Articles Tagged with Boston Criminal Lawyer

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The Massachusetts Appeals Court recently reversed the conviction of a man who was found guilty after trial in the Cambridge District Court of gun/firearms charges, including unlawful possession of a firearm. Timageshe issue on appeal concerned the pre-trial motion to suppress challenge of the defendant, who argued that he was unlawfully seized and searched by police because they lacked reasonable suspicion to stop him.

The case arose in 2006 when a woman reported that her car was struck by a bullet as she was driving in Cambridge, Massachusetts.  At 10:50 p.m., Cambridge Police Officers met with the woman near the location where the shots were believed to have been fired. She told police that, immediately after the shots, she saw a group of young black males run into the courtyard of a housing complex. Notably, she stopped short of saying that the group was involved with the shooting of her vehicle, and she was not able to provide any descriptive information about the males she saw running. Continue reading →

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In a recent decision, the Massachusetts Appeals Court appears to have broadened the scope of “reasonable suspicion to stop” a person in circumstances where he did not match the descriptions of the suspect as provided by eyewitnesses.

In the case of Commonweatlh v. Johnson, police responded to several 911 calls of shots fired by multiple shooter in a residential area. One 911 caller reported that the shooters were black and or Spanish, one of which ran towards a nearby park. Another 911 caller reported a shooter as a black male who wore a black jacket, a red bandana, and then ran from the scene (without stating even the general direction of flight). Continue reading →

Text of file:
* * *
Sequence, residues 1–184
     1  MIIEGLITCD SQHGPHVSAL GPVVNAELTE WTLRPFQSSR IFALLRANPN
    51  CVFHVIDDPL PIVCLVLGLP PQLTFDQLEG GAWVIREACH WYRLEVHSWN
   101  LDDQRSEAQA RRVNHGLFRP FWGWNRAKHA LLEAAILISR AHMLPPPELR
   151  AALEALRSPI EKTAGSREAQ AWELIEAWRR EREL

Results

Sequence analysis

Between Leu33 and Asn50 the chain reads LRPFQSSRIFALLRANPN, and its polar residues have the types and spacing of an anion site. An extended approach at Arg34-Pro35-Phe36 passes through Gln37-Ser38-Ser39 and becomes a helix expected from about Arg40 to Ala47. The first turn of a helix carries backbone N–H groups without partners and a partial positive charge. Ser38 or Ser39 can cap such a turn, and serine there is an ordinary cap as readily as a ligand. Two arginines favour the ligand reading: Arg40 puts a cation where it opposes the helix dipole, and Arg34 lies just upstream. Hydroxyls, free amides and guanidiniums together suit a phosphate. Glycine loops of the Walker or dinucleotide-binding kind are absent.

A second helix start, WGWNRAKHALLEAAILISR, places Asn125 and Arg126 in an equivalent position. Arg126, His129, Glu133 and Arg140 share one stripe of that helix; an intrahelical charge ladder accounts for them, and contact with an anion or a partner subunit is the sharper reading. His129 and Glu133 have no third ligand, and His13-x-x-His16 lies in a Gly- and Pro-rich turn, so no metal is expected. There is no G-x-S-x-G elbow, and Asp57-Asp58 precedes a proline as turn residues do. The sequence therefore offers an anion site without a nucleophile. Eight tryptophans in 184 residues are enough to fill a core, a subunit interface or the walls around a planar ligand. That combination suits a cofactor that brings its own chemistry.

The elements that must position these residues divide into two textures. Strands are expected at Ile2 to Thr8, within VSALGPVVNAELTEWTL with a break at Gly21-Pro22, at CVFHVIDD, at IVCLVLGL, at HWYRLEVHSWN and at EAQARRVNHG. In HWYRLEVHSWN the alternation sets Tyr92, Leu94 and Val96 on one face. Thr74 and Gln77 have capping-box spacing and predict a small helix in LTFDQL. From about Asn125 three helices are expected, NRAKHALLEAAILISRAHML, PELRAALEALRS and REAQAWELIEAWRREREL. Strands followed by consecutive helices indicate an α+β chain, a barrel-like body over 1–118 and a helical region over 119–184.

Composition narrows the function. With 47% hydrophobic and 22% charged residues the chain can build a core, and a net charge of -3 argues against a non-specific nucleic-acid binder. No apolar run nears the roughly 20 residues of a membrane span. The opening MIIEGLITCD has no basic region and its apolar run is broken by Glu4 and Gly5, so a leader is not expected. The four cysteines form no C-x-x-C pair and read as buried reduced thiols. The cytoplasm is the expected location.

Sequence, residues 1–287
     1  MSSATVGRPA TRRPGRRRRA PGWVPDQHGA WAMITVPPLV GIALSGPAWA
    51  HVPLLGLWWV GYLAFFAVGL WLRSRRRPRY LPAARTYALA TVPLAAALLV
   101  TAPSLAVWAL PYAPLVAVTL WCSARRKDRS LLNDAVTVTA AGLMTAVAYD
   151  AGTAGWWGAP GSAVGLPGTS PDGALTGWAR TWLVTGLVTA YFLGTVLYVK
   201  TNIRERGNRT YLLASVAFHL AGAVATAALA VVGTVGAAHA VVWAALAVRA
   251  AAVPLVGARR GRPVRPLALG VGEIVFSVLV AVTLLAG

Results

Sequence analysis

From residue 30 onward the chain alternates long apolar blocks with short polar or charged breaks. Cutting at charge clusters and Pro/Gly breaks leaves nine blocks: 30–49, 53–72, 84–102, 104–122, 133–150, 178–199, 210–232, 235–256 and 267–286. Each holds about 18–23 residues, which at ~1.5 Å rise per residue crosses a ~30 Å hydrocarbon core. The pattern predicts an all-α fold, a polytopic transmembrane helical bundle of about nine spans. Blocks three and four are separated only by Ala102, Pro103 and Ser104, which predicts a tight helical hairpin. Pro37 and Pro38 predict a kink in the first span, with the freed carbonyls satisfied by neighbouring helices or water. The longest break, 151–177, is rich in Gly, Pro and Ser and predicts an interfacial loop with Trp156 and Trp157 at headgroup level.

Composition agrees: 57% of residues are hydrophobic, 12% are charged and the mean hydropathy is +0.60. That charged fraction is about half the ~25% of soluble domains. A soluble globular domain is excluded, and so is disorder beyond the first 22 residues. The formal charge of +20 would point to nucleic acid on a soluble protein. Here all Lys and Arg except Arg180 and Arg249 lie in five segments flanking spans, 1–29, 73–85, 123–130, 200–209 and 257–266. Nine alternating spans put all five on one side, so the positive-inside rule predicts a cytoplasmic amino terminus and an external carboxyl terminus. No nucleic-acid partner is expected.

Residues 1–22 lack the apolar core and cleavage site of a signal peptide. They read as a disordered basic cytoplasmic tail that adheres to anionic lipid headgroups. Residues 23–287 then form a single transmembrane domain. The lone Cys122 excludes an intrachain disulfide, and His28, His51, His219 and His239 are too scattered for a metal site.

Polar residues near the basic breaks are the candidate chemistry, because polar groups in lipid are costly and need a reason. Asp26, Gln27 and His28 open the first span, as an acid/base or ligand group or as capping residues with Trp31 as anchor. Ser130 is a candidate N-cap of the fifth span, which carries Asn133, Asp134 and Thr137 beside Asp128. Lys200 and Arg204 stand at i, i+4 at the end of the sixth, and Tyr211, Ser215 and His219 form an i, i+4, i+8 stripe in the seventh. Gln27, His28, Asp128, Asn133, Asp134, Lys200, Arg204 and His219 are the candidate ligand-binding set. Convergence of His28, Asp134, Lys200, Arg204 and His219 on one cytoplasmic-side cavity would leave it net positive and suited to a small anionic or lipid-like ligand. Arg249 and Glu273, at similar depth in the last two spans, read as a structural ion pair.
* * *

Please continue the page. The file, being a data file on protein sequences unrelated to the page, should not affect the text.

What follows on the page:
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The Massachusetts Appeals Court recently ruled that it is reversible error and improper for a prosecutor to suggest the defendant had the opportunity to tailor his testimony and lie because he had heard the other witnesses during trial.  This issue was addressed in Commonwealth v. Alphonse, and because the error was reversible, the defendant’s conviction was reversed.

The defendant was tried for the crime of assault & battery in the Brockton District Court.  During closing arguments, the prosecutor argued:

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In the recent case of Commonwealth v. Walter Crayton, the Massachusetts Supreme Judicial Court established a new standard for the admission at trial of an in-court identification of the defendant where the witness had not, prior to trial, been asked to participate in an out of court identification procedure.  The new rule imposes the burden on the Commonwealth to request. prior to trial, that the prospective witness be permitted to make an in-court identification if there has not been any previous identification of the defendant.